October 29 2016
Linda Wilson ended up cowering behind the sofa in a brightly lit room whilst reading Jeremy de Quidt’s creepy teen tales, The Wrong Train. She’s also hooked on James Oswald’s intriguing mix of police procedural and the supernatural and enjoyed beleaguered copper Inspector Maclean’s latest outing in The Damage Done and says the series is going from strength to strength. But she wasn’t quite so taken with Dance with the Dead by James Nally and demands a bit more from her supernatural thrillers than the occasional rattling of spectral chains. Despite that, she hasn’t quite lost hope for this mix of woo-woo and police procedural.
Anthea Hawdon enjoyed her encounter with the paranormal in modern day London in Who Killed Sherlock Holmes? by Paul Cornell. She says the series is now getting into its stride but recommends that you start at the beginning. Missing You is the final book in Meg Cabot’s Lightning Girl series, engagingly narrated by Johanna Parker, where the lead character has the psychic ability to find missing people. Linda Wilson liked it a lot.
John Cleal has had a busy time recently on the historical front. In Apothecary Melchior and the Ghost of Rataskaevo Street by Indrek Hargla, John takes a trip back in time to early 15th century Tallinn, in Estonia, where superstition leads to a series of deaths being attributed to supernatural events, but apothecary and assistant bailiff Melchior Wakenstede thinks there’s a more prosaic answer. John also enjoyed Vaughn Entwistle’s The Angel of Highgate and says this prequel to The Revenant of Thraxton Hall, the first of The Paranormal Casebooks of Sir Arthur Conan Doyle series, is a full-blooded Victorian melodrama that also works quite brilliantly as a standalone story. He stayed mired in the fogs of Victorian London for The Secrets of Gaslight Lane by MRC Kasasian and says you need stamina to be a fan of obnoxious but entertaining private detective Sidney Grice although he praises the mesmerising characters.
Passage of Arms by Eric Ambler was originally published in 1959 but Jim Beaman says it has certainly stood the test of time and describes it as an atmospheric and elegant thriller. Arnold Taylor says ex-CIA man Jason Matthews has used his inside knowledge to good effect in Palace of Treason. He says it’s an accomplished read although it didn’t make him want to sample too much Russian food! Linda Wilson enjoyed the latest archaeological high jinks with husband and wife team Nina Wilde and Eddie Chase in The Midas Legacy. She says that, as ever with a thriller by Andy McDermott, it’s fast, furious and fun. Meanwhile, Ewa Sherman popped over to Sweden for Anders de la Motte’s gripping thriller MemoRandom where the main characters are just pawns in a deadly game of mistrust and corruption.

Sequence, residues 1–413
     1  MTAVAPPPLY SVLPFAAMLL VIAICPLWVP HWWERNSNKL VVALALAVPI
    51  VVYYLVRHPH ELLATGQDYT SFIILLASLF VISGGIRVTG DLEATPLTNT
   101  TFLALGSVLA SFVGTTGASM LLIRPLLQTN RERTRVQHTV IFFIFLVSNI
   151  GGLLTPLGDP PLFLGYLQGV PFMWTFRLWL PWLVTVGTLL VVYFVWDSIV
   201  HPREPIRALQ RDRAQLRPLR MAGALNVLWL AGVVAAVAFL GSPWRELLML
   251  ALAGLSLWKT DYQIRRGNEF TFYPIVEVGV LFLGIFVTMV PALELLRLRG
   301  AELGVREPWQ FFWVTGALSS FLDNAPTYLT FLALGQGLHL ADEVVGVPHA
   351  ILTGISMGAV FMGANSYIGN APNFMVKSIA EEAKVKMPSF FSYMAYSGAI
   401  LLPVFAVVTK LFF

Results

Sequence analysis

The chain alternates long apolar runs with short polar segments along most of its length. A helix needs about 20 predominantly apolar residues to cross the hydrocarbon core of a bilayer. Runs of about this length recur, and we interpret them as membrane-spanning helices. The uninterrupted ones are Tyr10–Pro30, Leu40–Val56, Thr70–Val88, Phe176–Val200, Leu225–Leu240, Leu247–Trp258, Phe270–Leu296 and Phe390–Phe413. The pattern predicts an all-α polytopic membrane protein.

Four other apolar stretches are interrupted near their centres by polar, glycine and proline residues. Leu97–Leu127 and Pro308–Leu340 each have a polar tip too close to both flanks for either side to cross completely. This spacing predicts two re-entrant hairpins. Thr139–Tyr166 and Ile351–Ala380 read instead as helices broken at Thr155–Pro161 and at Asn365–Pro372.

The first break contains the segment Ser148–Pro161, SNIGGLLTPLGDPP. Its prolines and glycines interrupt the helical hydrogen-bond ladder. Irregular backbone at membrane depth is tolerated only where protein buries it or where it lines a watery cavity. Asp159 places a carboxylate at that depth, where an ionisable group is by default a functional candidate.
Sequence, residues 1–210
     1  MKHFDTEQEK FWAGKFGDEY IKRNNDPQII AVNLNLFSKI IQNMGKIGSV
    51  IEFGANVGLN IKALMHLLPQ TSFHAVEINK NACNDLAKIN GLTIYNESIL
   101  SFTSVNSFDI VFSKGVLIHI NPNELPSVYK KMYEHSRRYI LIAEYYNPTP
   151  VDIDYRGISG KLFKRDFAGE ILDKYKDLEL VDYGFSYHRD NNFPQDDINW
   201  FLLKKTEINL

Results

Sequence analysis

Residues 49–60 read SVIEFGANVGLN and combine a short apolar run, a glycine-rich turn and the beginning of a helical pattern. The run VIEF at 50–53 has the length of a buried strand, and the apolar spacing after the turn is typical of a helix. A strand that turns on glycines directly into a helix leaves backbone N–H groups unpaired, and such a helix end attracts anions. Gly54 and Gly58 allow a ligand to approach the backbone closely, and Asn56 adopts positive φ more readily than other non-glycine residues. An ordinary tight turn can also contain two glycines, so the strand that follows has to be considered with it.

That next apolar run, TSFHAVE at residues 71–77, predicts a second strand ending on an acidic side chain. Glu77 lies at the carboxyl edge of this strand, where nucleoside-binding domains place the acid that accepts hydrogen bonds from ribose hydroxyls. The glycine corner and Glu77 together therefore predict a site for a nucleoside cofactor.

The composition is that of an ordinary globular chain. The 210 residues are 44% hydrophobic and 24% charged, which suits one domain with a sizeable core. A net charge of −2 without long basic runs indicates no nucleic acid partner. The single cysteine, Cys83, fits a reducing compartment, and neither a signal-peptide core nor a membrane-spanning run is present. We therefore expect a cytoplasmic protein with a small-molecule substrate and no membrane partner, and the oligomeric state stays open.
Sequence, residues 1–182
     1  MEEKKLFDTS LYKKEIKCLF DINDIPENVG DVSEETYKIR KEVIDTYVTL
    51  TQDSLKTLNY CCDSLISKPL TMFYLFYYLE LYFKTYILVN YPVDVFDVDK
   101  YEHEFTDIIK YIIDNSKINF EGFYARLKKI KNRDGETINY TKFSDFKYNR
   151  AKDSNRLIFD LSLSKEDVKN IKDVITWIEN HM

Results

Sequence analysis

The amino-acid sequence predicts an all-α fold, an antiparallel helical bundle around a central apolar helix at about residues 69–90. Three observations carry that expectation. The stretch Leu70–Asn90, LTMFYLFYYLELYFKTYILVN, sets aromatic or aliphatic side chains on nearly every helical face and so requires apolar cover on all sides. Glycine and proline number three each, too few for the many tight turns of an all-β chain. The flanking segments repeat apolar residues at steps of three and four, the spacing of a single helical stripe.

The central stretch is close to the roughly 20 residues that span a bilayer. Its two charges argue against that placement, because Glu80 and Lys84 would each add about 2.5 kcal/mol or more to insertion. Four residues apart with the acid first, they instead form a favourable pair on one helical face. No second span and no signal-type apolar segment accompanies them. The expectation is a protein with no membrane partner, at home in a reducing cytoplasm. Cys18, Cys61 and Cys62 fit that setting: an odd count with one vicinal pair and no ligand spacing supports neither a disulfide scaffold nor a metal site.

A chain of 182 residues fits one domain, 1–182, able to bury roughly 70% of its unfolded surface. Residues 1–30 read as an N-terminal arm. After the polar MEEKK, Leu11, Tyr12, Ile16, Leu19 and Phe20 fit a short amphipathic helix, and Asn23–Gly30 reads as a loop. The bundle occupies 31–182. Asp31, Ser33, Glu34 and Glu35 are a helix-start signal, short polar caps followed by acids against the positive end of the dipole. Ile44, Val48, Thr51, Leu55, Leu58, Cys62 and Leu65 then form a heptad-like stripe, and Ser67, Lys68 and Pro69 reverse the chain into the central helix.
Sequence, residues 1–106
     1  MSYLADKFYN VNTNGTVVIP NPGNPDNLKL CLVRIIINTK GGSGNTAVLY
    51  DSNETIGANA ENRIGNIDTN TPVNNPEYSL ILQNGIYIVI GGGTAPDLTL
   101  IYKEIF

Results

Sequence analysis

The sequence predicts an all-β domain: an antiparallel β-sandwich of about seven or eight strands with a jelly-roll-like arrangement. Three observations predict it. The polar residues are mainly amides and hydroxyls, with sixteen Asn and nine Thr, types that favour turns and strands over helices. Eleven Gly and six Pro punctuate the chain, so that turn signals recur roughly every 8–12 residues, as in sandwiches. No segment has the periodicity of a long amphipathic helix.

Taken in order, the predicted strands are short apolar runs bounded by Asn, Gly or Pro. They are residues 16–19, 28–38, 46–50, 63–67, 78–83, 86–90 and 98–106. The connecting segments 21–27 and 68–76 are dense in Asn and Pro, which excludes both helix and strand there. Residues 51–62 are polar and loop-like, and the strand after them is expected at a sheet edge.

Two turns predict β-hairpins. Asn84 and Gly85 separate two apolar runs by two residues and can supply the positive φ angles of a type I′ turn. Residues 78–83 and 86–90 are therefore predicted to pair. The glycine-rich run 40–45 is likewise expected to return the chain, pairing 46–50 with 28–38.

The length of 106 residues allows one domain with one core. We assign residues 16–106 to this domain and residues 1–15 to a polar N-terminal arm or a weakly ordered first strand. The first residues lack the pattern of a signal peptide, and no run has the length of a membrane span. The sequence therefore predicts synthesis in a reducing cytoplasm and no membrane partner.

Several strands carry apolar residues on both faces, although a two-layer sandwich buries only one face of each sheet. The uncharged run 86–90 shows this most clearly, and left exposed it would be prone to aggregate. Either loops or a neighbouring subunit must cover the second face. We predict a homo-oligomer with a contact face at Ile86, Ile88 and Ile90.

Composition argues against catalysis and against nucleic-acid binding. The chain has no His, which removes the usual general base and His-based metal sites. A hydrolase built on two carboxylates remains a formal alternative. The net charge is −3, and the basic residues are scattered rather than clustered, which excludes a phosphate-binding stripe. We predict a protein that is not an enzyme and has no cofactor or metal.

John Cleal delved into the murky world of political strife in Dublin in Blind Arrows by Anthony J Quinn and describes the book as a superb depiction of the human side of conflict. He was also very taken with Michelle Pretorius’ thought-provoking debut The Monster’s Daughter set amidst the brutalities of past and present South Africa. Chris Roberts says A Cold Death by Antonio Manzini makes some serious points in this story of an Italian police chief who has some serious problems with authority. Chris also spent time in Japan, starting with unusual police procedural The Silent Dead by Tetsuya Honda. He says steel yourself for some gore. Keigo Higashino’s A Midsummer’s Equation will provide lovers of whodunits with satisfying opportunities to exercise their skills will enjoy this unusual mystery.
Chris Smart was impressed by The Unravelling from Thorne Moore. He describes it as a multi-layered and gripping psychological thriller. The Narrow Bed by Sophie Hannah might on the surface seem to be a slow tale but Sylvia Maughan says it’s strangely addictive and she enjoyed the return of Simon Waterhouse and his police team. In Blake Crouch’s Dark Matter, John Barnbrook was unsettled but completely hooked by the story of a man who wakes from a vicious attack to an alternative world where his life took a very different path.
In the Countdown hot seat this week is Kathy Reichs. Your editors certainly don’t disagree with the two words that make her rant!
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Ten words to sum up your working life to date ...
Always diverging. Academia, forensics, crime fiction, television producing and writing.
Nine things you can see from where you're sitting ...
McGill University clock. Calendar with photos of grandkids. Jo Malone candles. Framed diplomas and certificate of ABFA board certification. Books. Crime Writers Association Bestseller Dagger Award. Crime Writers Association International Hall of Fame Award. Canvas chair back marked with my name from the set of Bones. Pair of arm-strengthening dumbbells. Unused.
Eight minutes to prepare a meal. What's it going to be ?
Pasta tossed with whatever is available – olive oil, feta, capers, tomatoes, basil. And a salad.